The seventh piece, contrary to my big-and-small pattern, was a fantastic saddle.  Even now this beauty amazes me.  It was a companion to, part of the series if you like, to my famous Elk Saddle.  In 2004  TSII #437, the Bongo, was a fifty percent donation.



















Grey Scrapbook page


The paper label says:

"TSII #437
"the Bongo"
begun 0406.18
Finish 0407.21
featured in
the North
American
Model Horse
Shower's
Association
auction held
in KY 0407.29
Tammy Davison
won with a
high bid of
$630.00
A
bargain- !!!"





Note the white braided edges, and the extensive braided buttons on the bridle and breastcollar.  The piece was a tour-de-force.  Even the dee rings are covered in braidwork.  The color was achieved by hand-dyeing natural leather.  I remember the coating process, with Super Shene, being fraught with danger and difficulty, because the dye ran.



During my research for this saddle, I learned that old Bongos develop dark coloring.  I have always loved these members of the deer and antelope family.  Someday I must make more deer-themed sets...

In 2005 I set out to repeat the triumph of the Peruvian set, and started with a jaquima, since it was small and could be finished easily.  This was our eighth donation.  The 4th TSII Peruvian, P4, was auctioned as just the jaquima.  Margaret Olson won it, $300.  A month later the bridle was built.  Not until the end of January 2006 was the rest of the set finished.  It was sold to Margaret -- we have a price, $695 -- and ten percent of this donated to NAMHSA.
Thus there is precedent for a rather slow and complicated path to being born.  But a Peruvian set takes so much out of the artist, and has so many parts and pieces, that this was necessary.

Amazingly in 2006 there was a donation, nominally a "small" since it was a bridle.  What a bridle!  As mentioned, I wrote up an entire page of my website about it.  http://www.timarustarii.com/braid/tmcatbar.htm
 It seems to've been the ad for the auction.  Our ninth donation sold for $325.00.  It was begun 0604.09 and finished 0605.03, and celebrated the making of the first Cat Bar's braided rawhide bridle in 1986.

In 2007, not to be left out but unable to contribute a 'large,' I chose again a braided bridle, our tenth donation.  This was the Cleghorn, named after the man for whom it was intended as a gift.  It was based on a real braided bridle, seen in a High Noon catalog, which was made by prisoners in the 19th century.  Begun 0704.19, it was finished 0705.04.  Robin Lee had the high bid, $260.00, at fifty percent donation.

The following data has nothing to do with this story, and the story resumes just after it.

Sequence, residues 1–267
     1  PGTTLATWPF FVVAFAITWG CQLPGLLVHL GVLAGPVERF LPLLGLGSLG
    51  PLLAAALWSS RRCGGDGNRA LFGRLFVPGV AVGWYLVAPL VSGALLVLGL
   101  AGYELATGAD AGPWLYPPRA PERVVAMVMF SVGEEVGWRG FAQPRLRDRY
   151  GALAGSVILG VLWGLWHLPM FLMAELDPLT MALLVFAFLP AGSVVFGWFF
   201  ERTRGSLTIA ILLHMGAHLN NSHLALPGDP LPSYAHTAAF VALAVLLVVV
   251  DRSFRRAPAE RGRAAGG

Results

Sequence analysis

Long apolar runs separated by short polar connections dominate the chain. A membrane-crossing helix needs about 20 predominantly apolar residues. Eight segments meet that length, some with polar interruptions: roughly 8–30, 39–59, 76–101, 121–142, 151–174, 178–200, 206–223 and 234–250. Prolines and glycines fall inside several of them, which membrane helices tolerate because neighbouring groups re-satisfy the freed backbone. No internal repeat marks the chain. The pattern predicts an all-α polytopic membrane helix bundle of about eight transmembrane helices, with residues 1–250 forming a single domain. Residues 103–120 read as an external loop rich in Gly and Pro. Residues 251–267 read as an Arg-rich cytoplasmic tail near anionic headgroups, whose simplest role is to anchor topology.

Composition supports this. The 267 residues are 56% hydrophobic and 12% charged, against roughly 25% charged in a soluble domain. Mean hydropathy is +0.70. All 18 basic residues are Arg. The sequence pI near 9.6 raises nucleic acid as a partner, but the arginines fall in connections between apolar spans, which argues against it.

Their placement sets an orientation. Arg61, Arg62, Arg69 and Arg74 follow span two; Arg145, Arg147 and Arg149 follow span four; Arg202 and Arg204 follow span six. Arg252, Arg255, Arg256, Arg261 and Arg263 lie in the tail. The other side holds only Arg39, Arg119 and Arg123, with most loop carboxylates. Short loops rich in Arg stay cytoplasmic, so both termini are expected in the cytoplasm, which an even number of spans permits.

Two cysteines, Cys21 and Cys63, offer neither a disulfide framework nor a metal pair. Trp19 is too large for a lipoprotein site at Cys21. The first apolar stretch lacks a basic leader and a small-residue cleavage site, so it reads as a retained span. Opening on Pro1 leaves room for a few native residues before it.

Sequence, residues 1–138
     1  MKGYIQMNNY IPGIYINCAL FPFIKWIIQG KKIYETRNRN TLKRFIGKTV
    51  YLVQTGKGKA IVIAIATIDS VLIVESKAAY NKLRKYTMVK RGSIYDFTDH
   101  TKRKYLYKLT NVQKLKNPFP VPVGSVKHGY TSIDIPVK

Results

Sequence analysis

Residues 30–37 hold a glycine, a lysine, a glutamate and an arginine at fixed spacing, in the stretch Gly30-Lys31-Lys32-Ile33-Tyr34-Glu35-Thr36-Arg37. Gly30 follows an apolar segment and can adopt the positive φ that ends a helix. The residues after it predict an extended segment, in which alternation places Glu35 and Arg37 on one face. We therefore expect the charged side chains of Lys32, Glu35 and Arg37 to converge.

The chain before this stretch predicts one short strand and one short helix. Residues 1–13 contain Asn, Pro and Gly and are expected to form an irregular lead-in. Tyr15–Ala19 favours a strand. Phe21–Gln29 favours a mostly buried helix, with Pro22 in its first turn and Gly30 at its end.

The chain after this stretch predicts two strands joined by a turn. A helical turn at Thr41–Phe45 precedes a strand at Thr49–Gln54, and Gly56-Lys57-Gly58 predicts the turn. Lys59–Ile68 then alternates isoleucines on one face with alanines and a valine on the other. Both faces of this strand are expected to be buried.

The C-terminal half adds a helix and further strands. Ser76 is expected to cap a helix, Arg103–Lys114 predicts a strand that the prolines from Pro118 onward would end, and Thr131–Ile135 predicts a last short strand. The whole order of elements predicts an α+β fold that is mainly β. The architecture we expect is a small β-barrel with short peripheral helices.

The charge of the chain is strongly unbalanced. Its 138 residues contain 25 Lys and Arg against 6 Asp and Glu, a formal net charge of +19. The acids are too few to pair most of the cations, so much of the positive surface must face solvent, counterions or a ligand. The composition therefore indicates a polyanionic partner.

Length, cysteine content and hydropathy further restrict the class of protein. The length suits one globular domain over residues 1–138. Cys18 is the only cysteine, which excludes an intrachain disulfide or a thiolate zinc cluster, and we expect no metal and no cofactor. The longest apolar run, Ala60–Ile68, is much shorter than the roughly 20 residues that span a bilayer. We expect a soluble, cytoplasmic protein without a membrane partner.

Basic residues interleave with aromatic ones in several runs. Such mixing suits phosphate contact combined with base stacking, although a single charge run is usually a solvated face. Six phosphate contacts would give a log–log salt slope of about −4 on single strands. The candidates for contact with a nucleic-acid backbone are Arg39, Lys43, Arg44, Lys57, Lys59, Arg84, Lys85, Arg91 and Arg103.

I recall the Cleghorn as being a difficult piece, both to decipher (engineer) and to get excited about.  The reference picture was hiding some crucial details.  I have not done any more mud-colored braided bridles.

The TSII's eleventh donation was in 2008.  As told in my other post, it was not really our tenth piece -- I had miscounted over the years, missing the second and not being sure about some of the Peruvians.  Nor was it really ten years; since 1995, the true count was 14 years.  TSII #448, officially the ten year anniversary set, sold for an even $2000 to Colette Robertson.  It was based on a saddle seen in one of the High Noon catalogs.
Dig that blanket!
This was one of my earliest coronas, made with Melody Snow's book's help.
horse by Carol Howard

In January of 2009, a braided bridle, our twelfth donation, was originally made with the intent of testing Auction Barn as a venue.  Astonishingly, it was created in just 5 days, 0901.15-20.  Auctioned in early March, it failed to meet its reserve.  On June 27 of 2009, having created a brand new bit for it (my first ever engraving), I re-auctioned it, this time as a NAN donation.  It sold to Susan Peet for $250.00.  It was understood that she had the option of ordering a matching Breastcollar and Romal reins for the bridle, to be made and sold at the same donation percentage.  Somewhat naturally she availed herself of the opportunity!  These pieces were made July 21-August 7, and they fetched $175 total.



There should have been a NAN donation piece in 2010, but that's the year everything fell apart for me.  I could go to neither NAN nor BreyerFest.  I was recovering from surgery, a hysterectomy.  No pieces have been donated between then and now.

For the future, I certainly want to start up this charming habit again.  We shall just have to wait and see.  Right now I'm working on my remaining 9 Lottery winners.  The Goehring breastcollar is done, the bit and reins are done; the noseband and browband of the bridle is done!  Thank you for your patience, and Stayed Tuned!

2 comments:

  1. The Elk saddle is possibly my favorite piece of yours, so it's exciting to see that it has a companion! You really ought to make more deer-themed sets. :)

    Love the Millennium set too. Lovely work! Thanks for sharing your pictures.

    ReplyDelete
  2. Thanks Nichelle, You're not the first to tell me the Elk was their favorite! I completely agree on more deer.

    ReplyDelete